At the battle of Zama, in the Jugurthine war, heart to heart, returned with ten-fold warmth to while the Romans were assaulting the town, the fountain whence it sprung? Who has not Jugurtha came upon them from behind. One witnessed such scenes? And who, while the party of the besiegers turned to meet the Numi- joy of others diffused itself over his own soul, dian army, while the other continued their efforts has not imperceptibly forgotten his sorrows and against the town. Sallust relates, that when- himself ? Avarice, in the midst of such a cir. ever the wearied besiegers were compelled for cle, is forgetful of its gold; good will gleams a little to relax their efforts, the defenders upon from the countenance of the misanthrope; and the walls were intent upon the combat beyond, the unwonted throbbings of his laden heart and watching the Numidian cavalry rushing on show that there is yet one cord left, to viand mingling with the Roman cohorts; they brate in unison with the feelings of his fellowmight be observed now exulting, now shuddering, as the contest went for Jugurtha or against Like the electric fluid, passion thrills and binn; and, just as though they could be heard lightens, and spreads itself from point to point, or seen, some shouted in encouragement, or in we know not how. It is this mysterious symcaution; or pointed with the hand, or made vio. pathy that gives enthusiasm its omnipotence; lent efforts with their bodies, as if throwing ja- that renders the fury of a mob incontrollable; velins or evading those thrown. Marius, who that makes the army of a courageous leader inhad charge of the assault, observing this, pur- vincible ; or that spreads a partial panic into one posely relaxed his efforts, till the defenders be- universal dismay. The flaming torch thrown came so wholly absorbed in the conflict beyond, on the barren sand, glimmers and expires; but that they had almost lost the town by a sudden let a spark fall unnoticed where there are mateattack, ere they bethought themselves of their rials to feed the fire, and the flame bursts forth own business or danger.

and rises, and sweeps along, till nothing but a It was the power of sympathy. It was the heap of smouldering ruins remains to show same power under which Jesus wept, as he came where stood the proudest works of man. with the sisters of Lazarus to his grave. Paul Like that torch glimmering on the sand, could brave dangers, tumults, tempests; no dan- would the heroes of the world have been; like ger could appal him; but when his friends fell that expiring torch would the eloquence of Deon his neck sorrowing that they could see his mosthenes have died away, and Philip never face no more, Paul cried out, “ What mean ye need have trembled, had not the soul of man to weep and break mine heart pas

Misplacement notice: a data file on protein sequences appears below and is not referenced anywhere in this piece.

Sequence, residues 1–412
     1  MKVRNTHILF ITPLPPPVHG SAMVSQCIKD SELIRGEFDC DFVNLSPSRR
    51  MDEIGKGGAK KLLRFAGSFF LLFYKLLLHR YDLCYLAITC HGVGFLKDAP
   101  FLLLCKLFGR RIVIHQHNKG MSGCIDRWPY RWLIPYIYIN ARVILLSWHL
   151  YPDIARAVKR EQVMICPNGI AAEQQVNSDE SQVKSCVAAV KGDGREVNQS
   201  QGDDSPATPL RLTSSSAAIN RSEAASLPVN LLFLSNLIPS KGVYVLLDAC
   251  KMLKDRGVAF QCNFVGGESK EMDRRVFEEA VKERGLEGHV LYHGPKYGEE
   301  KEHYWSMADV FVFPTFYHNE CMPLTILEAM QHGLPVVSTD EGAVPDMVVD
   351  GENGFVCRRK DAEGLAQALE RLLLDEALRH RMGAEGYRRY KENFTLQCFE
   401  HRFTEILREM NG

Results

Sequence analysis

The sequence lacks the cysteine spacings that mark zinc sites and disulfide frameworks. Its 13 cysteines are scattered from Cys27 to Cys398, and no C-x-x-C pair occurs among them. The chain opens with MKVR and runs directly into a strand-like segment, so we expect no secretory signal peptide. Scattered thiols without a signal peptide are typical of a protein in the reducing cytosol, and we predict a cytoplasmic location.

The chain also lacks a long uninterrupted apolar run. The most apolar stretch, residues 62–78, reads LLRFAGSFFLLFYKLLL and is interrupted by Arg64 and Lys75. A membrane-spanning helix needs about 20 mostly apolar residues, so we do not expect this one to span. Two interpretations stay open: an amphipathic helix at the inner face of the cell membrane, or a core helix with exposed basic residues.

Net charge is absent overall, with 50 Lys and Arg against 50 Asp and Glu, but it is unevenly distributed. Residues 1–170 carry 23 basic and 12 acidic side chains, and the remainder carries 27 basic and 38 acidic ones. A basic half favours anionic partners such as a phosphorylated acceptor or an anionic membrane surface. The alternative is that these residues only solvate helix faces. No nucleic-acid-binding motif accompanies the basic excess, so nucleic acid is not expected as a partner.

been formed to respond in vivid feelings to the Sympathy is the CONTAGION OF FEELING. It enthusiasm of his fellow man. is confined to no one human emotion, but ex- The yeomanry of Thebes had bone and tends its power equally over all. The mirror is sinew; yet they bowed down tamely to the yoke not more faithful to reflect the object before it, of domineering masters. Epaminondas rose, than the heart of man is to answer all the com- and Thebes rose with him. Even slaves caught plicated and changing emotions of his fellow the flame ; and the world saw that the spirit of

one hero could make every field a Leuctra. A dry argument; a mere dry steam-engine

The hermit Peter ran from province to proeffort of logic—what is it? The orator must vince; Europe caught his phrenzied feeling, and have a heart; he must feel, or he will never her millions moved onward to the Holy Land. touch the springs of feeling that lie ready to

Tell sounded the war-cry through the moungush up in the hearts of the hearers.

tains of Switzerland, and the home of his fathers was free.

And what else than the same conta. “ Ut ridentibus arrident, ita fentibus adfient gion of feeling roused our fathers at once, in Humani vultus ; si vis me flere, dolendum est

the Revolution, from Maine to Georgia ? Primum ipsi tibi.”

There is a language of feeling, and it is uni.

versal. It is not the complicated machinery of Who has not witnessed, in a group around words alone, communicating motion to the heart the family fire-side, or in a circle of youthful through the medium of his intellect, that makes friends, how the pleasure that beamed in the

man acquainted with the emotions of those countenance of one lighted up a general smile around him ; a glance speaks to the soul. Man of joy; while the gladness that thrilled from

needs no “ window in his breast;" the brow of